As part of the annual Cyber Scotland week, the council has organised a range of events for staff and the public to raise awareness of cybercrime that many people can be easily caught out with.
Supported by funding from the Scottish Government, officers have again this year timetabled a series of interactive events to highlight online criminal activity that has become more of an issue during the last couple of years of the pandemic with more people resorting to digital to stay connected.
To kick off the week-long activities, a special public awareness event is being held at the Donald Dewar statue on Buchanan Street from 10am - 4pm on Monday 28 February in partnership with Police Scotland, Strathclyde University, Glasgow Caledonian University, CGI (the council's IT partner), CGI and Glasgow's Golden Generation.
Members of the public will be able to access various tools, visuals and simple games to demonstrate how to stay safe online.
Experts will also be on hand to answer questions and help people who are worried that they might have fallen foul of an online scam.
Local primary pupils have been participating in a cyber themed poetry competition that we will be asking the public to vote on - with the winning school awarded a £100 book token.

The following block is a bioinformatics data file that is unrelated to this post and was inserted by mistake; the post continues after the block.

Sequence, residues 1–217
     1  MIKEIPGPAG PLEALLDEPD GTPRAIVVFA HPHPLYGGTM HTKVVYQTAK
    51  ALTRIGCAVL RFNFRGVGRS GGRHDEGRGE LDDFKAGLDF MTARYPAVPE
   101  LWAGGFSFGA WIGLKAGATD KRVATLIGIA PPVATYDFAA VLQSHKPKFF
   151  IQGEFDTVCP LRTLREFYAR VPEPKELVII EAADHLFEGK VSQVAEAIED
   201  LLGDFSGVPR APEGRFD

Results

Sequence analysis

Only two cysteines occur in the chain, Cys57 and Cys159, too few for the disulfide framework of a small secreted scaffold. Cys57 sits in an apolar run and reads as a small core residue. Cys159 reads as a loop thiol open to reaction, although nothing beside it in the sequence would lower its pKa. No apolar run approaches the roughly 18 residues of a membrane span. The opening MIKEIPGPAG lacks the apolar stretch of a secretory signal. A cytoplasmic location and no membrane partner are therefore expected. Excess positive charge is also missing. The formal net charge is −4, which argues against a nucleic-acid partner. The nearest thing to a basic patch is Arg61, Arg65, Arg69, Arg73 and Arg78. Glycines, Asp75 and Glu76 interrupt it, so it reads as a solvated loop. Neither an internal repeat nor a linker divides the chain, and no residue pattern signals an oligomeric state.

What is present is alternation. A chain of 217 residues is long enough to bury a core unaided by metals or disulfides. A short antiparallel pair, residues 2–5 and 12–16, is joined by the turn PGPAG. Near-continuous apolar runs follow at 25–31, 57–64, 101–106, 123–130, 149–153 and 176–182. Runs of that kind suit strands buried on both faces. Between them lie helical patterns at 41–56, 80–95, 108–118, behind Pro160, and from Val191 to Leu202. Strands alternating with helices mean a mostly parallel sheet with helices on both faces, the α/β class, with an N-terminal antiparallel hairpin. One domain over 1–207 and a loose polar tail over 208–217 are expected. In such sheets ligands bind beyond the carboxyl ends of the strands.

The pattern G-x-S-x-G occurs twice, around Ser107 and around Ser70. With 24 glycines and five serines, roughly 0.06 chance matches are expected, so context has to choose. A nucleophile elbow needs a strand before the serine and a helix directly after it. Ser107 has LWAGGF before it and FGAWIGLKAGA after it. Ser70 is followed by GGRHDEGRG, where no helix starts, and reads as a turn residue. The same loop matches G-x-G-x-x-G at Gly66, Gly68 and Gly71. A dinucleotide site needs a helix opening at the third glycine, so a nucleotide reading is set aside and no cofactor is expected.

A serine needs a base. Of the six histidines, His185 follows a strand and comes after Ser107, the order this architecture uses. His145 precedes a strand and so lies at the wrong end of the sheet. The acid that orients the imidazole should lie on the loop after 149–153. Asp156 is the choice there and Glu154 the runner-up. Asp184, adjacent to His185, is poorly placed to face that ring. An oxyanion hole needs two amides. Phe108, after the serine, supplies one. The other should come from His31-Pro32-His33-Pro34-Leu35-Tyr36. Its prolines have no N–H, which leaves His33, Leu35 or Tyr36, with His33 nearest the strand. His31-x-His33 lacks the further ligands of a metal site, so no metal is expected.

Kenny Meechan, Glasgow City Council's Head of Information and Data Protection Officer said: "Each year we have delivered a series of interactive events to help raise awareness of cybercrime and help people not fall foul of the fraudsters.
"During the pandemic, with lots more people working from home and using various devices to stay connected we have seen an increase in criminal activity targeting both businesses and individuals.
"There have been more examples of tailored phishing and ransomware scams relating to the current environment, such as counterfeit PPE or fake 'you have covid' texts being sent. This is in addition to other topics in circulation such as fake tax refunds, pet sale scams, fake holiday refunds and parcel delivery charges fake websites.
"Criminals have worked hard to try and capitalise on more people using online devices by creating an urgency and need around the context - to get you to engage and click or download dangerous malware in an attempt to steal your identity and personal information."
Find out more from https://cyberscotlandweek.com/